The COO, CFO, and VP of quality had major concerns about this new product, yet only asked minor questions during the presentation. These three routinely got together to complain about the product, but never shared their concerns when the CEO asked where people stood on the proposal during the company’s annual strategic planning meeting. The proposal passed unanimously, the product experienced major quality problems, sales fell well short of projections, and the company experienced a decline in revenues and reputation because of the ill-fated decision.
Problem #4: Myopia
Myopia occurs when c-suite members view issues through the lens of how they individually contribute to the organization’s success, rather than how the team can collectively contribute. Because senior leaders spend their entire careers being rewarded for personal accomplishments, it’s difficult for them to break set and cede opportunities that would add to their own column of wins.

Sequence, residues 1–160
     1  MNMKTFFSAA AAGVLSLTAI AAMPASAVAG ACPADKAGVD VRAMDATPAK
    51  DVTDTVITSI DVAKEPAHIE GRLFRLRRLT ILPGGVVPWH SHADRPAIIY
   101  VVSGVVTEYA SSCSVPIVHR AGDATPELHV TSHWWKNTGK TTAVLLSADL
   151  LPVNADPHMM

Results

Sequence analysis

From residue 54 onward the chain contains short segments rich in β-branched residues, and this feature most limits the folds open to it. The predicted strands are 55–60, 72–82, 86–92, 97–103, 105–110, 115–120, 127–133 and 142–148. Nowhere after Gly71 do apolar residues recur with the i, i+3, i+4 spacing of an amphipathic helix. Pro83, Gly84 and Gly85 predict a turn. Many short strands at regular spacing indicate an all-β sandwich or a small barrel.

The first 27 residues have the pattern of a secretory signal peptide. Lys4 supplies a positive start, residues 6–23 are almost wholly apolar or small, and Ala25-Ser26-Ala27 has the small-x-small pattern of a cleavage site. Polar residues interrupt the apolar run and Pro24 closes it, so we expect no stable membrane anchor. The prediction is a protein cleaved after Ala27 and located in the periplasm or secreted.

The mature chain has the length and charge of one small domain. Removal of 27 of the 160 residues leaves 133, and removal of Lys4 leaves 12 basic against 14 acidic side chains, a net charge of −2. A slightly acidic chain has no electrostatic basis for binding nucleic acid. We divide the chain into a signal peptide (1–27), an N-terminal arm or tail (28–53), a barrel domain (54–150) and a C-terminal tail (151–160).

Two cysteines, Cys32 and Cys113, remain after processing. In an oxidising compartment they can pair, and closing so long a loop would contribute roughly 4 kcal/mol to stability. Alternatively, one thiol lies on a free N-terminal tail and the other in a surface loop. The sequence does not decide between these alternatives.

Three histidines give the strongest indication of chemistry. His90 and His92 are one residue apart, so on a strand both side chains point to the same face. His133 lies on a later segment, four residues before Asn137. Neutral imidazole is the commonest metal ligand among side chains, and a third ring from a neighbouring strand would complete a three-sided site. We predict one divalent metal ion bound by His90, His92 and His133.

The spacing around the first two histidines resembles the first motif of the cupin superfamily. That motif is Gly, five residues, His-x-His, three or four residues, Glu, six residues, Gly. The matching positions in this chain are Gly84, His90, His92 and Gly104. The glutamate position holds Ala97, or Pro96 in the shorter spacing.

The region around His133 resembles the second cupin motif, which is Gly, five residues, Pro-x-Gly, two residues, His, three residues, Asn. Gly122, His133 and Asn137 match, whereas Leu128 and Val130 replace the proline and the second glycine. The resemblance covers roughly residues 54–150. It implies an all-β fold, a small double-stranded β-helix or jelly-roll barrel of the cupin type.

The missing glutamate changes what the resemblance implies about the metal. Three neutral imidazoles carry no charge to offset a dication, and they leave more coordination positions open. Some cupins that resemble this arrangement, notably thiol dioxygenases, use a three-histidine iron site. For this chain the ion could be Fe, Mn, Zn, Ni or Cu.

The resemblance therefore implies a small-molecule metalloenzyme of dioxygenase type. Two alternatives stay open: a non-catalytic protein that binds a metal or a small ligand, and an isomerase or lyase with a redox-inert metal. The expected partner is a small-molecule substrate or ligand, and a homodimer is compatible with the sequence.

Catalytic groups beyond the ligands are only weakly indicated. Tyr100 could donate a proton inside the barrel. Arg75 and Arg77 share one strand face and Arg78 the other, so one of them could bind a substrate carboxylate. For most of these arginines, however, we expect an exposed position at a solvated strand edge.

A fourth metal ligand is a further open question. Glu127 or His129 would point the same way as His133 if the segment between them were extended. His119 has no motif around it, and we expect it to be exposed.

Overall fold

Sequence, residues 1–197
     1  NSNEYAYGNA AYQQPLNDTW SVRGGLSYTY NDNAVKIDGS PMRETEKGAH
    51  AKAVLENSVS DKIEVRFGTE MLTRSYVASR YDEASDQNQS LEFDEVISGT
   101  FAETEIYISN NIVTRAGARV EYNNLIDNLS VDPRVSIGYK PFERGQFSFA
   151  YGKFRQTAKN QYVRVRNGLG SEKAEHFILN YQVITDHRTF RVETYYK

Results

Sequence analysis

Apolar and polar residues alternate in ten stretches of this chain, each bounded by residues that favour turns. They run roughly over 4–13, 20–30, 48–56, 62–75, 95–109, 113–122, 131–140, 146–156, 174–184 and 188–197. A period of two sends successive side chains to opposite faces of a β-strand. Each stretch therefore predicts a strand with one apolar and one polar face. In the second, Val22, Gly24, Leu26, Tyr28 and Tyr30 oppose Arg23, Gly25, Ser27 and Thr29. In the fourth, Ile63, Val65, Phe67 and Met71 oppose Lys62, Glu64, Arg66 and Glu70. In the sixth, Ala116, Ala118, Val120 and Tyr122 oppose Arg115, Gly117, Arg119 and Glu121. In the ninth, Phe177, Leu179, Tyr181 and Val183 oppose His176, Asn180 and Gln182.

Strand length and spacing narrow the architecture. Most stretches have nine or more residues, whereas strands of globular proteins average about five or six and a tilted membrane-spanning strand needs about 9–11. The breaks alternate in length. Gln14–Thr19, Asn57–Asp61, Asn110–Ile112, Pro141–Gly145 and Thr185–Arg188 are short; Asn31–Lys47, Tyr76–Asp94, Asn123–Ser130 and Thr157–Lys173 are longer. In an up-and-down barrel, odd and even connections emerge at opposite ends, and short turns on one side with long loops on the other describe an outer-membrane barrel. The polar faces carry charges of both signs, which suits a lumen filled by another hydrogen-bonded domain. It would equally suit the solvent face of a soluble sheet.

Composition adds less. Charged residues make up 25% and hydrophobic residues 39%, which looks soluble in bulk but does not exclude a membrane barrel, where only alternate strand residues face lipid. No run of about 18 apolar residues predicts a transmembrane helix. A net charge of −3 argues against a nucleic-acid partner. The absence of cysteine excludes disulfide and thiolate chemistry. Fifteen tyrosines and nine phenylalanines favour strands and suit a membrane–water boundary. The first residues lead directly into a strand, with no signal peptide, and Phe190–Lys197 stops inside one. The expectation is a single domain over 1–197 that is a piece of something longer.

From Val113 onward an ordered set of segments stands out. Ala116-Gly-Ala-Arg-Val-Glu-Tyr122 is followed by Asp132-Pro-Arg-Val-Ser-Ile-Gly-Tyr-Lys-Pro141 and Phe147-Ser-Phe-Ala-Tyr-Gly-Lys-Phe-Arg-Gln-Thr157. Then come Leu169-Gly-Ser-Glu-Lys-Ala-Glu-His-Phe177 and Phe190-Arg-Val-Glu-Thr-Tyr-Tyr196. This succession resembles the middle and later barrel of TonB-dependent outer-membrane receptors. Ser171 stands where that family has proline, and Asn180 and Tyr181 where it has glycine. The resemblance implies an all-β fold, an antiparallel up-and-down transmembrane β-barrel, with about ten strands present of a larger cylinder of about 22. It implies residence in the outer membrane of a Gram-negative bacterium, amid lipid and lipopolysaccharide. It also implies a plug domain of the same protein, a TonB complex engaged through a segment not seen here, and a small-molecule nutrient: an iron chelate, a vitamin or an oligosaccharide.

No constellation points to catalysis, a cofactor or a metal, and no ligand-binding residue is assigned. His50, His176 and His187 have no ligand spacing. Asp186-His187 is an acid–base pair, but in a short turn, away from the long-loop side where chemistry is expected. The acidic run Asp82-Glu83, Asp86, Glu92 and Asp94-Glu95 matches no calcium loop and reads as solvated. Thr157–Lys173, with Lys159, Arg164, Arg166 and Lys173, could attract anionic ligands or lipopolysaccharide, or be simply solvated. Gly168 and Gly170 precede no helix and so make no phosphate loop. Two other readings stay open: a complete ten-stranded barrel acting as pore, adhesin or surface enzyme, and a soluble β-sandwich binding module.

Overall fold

We recently worked with the c-suite of a company whose top-line growth was in decline. The EVP of product development sought to solve the problem by introducing cutting-edge technology, launching new products, and adding more features. He was certain that his approach was the right one. The EVP of sales believed the solution was putting more feet on the street, with freedom to offer more discounts. He, too, was certain this was the answer. Meanwhile, the EVP of operations argued that a stronger focus on quality would help the company retain customers and get more repeat business.
Each leader viewed the situation as a chance to be the hero, but none saw it as an opportunity to improve coordination between their functions, which is ultimately where the CEO landed.
Why Talent Management Is the Culprit
In theory, hiring, training, and promoting people who seem guaranteed to mesh with the company’s competency models and cultural mold make sense. Talent provides a competitive edge for organizations in an era of disruptive technologies, fragmenting consumer preferences, shifting political and economic trends, and the advent of the gig economy. Cultivating talent can be viewed as a type of Darwinian selection, gone corporate. It’s the way to win.
But by overdoing these techniques and over-refining the leadership’s gene pool, talent management inadvertently creates clones, sets up alpha paralysis, and breeds artificial harmony. That’s because when all leaders fit the cultural ideal, are groomed by the same programs, and climb the ladder through similar experiences, the c-suite becomes clogged with clones.